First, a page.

Before I forget...sorry for so many typos in the last few posts. I'll try to do better. You can generally say that the more tired I am, the more typos there are:)!
Have you noticed all the articles, books and TV spots about thrifty living and "simplifying" lately? I sure have! It seems to be very in vogue as of late. Of course, "it's the ecomony, stupid, " but there's this huge part of me that doesn't want it to end. I can say with a fair amount of certainty that when the economy finally turns around (and it likely will--though no one but God knows when), those who are chosing thrift just to get by right now will go right back to their spendthrift ways. But those of us who are true tightwads will continue to shop at Goodwill and drink powdered milk. Why? Because it's the smart thing to do. Seriously. To be honest, I haven't noticed the effects of the recession too much. Part of that is having fairly recession proof jobs (nurse/educator), but even if we lost our jobs, I'm pretty certain we could stay in our Maine cabin and make a go of it. That's because thrifty living has everything to do with attitude and not the amount on your paycheck. Some of the poorest people I know are the least frugal; they spend their money on cigarettes, junk food, cable TV and other vices. On the other hand, I know some wealthy families who are always looking for smart ways to spend and save. Obviously, there are exceptions to both sides, but you know what I'm getting at. Frugality is a mentality that says less is more. It's knowing that the things that really matter in life aren't things at all. My husband and I have been truly blessed over the years. We have lacked for nothing. But I maintain (a good Maine word) that we have been able to afford some nicer things--and give a lot away--because we don't have many items that most people call necessity--new cars/clothes, cable TV, brand name food....just to name a few. I've had my share of scoffers over the years. "Oh, lighten up," they say, "spend the money...go out to eat more...live!" But I love my life the way it is.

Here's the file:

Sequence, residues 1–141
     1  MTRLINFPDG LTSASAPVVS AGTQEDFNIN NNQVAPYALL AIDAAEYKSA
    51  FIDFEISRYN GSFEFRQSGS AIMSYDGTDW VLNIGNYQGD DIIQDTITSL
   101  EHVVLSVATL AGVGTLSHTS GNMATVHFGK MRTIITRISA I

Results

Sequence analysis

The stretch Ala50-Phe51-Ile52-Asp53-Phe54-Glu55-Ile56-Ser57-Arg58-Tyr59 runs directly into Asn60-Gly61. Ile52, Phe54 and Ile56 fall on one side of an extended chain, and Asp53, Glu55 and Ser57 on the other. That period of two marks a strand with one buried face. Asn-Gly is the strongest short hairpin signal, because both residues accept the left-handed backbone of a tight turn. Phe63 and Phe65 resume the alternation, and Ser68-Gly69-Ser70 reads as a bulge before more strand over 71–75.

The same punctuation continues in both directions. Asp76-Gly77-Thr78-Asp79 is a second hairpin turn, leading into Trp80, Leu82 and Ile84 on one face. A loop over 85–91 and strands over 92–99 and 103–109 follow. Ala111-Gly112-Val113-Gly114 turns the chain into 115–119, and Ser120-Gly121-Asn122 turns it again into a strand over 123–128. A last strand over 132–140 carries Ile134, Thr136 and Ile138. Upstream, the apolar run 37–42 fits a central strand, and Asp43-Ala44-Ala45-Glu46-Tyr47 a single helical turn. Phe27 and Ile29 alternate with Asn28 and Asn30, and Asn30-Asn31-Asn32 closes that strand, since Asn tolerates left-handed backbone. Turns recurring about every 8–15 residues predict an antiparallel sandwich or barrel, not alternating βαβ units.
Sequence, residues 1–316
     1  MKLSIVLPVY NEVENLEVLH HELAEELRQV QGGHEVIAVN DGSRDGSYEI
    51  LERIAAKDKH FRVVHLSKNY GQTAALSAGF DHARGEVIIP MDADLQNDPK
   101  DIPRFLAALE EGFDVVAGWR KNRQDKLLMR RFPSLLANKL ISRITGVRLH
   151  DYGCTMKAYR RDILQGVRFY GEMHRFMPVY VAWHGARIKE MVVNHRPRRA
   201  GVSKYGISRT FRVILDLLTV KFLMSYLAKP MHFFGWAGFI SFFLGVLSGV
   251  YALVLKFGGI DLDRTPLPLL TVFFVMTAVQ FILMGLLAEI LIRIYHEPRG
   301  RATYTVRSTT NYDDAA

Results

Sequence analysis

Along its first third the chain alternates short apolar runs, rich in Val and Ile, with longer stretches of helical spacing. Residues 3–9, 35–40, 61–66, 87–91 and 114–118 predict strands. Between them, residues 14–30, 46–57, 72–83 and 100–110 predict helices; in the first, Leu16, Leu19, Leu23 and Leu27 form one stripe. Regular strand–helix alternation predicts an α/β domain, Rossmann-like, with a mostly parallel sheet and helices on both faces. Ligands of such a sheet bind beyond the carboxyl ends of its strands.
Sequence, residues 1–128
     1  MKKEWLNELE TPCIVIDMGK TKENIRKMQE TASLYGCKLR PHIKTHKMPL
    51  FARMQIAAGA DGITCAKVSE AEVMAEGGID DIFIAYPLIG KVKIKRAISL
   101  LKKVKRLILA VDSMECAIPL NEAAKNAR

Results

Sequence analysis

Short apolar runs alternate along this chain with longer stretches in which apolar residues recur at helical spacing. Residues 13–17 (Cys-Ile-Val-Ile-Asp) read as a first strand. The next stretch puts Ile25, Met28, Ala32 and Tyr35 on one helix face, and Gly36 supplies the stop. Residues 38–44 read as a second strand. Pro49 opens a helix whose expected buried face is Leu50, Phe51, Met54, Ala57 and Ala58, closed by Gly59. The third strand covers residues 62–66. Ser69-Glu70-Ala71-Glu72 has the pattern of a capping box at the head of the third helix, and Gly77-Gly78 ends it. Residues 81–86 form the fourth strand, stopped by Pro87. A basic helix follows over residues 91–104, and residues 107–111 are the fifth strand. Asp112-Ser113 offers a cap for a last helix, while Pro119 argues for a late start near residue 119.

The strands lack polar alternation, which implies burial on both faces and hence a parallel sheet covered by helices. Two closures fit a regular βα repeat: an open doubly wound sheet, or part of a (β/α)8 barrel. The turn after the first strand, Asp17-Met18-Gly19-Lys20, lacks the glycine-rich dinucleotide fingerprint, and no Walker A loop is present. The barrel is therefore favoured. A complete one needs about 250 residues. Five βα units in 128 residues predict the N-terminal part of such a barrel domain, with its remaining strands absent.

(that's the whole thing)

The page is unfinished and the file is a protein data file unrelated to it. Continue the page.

One nurse that I worked with a few years back (who has since retired) told me that when she started working, she and her husband made a commitment to always live on that first year salary and save the rest. So every year when she got a raise, they would bank it. They raised a family and big garden, lived simply and retired fairly early. And she was one of the most generous people I know, quietly helping those in need and always bringing in homemade goodies to share. That's what I'm talking about!!
We all have tales of grandparents who we admire for their tenacity in tough times...let's be like that! Share your frugal stories...bless someone else...